Incredible though it might seem, Chennai, the fourth biggest city in India, is almost pleasant. The traffic's comparatively light, the slums are only moderately squalid, there aren't many beggars, the pollution isn't solid enough to pose an ornithological challenge, the buses only ooze people at rush hour, and most surprisingly of all, there are underpasses. It's quite amazing.
Well, it's amazing after Calcutta and Hyderabad; Chennai (which was known as Madras before the Indians fully developed their fetish for renaming British-named settlements) is on its way to becoming an urban hellhole, but it hasn't got there yet. OK, it's not quite paradise – crossing the rotting Cooum River by footbridge is an exercise in breathing steadily through the mouth, and cows still manage to create traffic chaos and cow-pats simultaneously – but I was expecting another full-on Indian city, and instead I found I could stroll through the traffic without the elements of luck and prayer so essential in other cities. And I even managed to change money at the bank instantaneously, which was a first.
But the price to pay for all this easy living is a slight twinge of boredom. It's as if Chennai is situated beyond the event horizon of some nearby black hole; nothing seems to happen here. You can count the interesting sights on one hand, and if you're after a good time after dark, think again; Tamil Nadu's strict licensing laws make popping out for a beer simply depressing, the only option being the dark subterranean permit rooms where drinkers guiltily sup their evil concoctions while looking forward to the special hangover that only Indian beer seems capable of producing1. I arrived in Chennai at 9.15am – astoundingly the train arrived a full five minutes early – booked into a hotel, and by 4pm I'd seen all the sights, managed to change some money, done some window-shopping, and found myself wandering aimlessly. This was not what I had expected.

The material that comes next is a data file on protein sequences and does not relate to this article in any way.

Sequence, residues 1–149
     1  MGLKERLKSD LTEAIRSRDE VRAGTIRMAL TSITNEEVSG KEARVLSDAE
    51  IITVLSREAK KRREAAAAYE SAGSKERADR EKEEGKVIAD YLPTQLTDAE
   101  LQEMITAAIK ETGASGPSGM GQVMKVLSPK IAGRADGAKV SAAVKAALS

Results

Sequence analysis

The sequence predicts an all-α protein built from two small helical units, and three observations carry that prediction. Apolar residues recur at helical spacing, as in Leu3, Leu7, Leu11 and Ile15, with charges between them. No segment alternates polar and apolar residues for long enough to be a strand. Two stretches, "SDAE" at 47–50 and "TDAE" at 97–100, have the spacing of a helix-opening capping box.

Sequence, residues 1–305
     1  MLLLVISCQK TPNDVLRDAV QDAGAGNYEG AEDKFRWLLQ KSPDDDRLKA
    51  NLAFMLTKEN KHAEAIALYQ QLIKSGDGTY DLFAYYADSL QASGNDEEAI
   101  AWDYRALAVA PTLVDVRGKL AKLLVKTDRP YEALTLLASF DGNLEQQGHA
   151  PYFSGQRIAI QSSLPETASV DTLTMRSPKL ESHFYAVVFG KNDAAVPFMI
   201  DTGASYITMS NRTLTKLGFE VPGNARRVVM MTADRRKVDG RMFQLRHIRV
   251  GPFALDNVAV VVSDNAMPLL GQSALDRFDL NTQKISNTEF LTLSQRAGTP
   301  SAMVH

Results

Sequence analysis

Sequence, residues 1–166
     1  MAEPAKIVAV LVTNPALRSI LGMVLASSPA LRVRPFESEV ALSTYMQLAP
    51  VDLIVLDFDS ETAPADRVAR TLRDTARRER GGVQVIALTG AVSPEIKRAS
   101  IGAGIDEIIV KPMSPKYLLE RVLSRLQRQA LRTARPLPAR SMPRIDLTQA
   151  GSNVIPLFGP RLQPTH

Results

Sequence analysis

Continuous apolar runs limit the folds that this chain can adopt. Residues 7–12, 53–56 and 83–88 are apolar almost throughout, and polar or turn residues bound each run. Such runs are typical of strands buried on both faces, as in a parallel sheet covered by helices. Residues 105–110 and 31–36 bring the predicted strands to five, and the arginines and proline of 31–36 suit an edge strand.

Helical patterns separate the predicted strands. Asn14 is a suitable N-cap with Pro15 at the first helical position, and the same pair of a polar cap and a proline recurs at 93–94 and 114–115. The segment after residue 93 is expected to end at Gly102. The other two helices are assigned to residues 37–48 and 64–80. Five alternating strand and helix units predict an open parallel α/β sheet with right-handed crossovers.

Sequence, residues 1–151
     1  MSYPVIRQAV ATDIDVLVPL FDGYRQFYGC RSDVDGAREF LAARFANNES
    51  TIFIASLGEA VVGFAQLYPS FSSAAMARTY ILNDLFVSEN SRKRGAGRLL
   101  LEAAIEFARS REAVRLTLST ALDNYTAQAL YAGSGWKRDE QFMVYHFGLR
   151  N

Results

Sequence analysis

The Sights of Chennai
Yes, Chennai is a city without attractions, despite its history as the first major British settlement (dating from 1639). Apart from two interesting colonial building complexes, Chennai is a collection of shops, banks, rickshaws and heat, but it has no spirit and no soul, and the people reflect this in their manner; whereas in Hyderabad I couldn't move for hellos and smiling waves, the people of Chennai have perfected the art of staring right through you with that specially unnerving blank look reserved by lunatics and government politicians. I smiled, and the only people who smiled back were the educated and young middle class business-wallahs, and of course the school children, one group of whom spotted me, surrounded me and gave me a quick lesson on how to play hooker in a scrum2.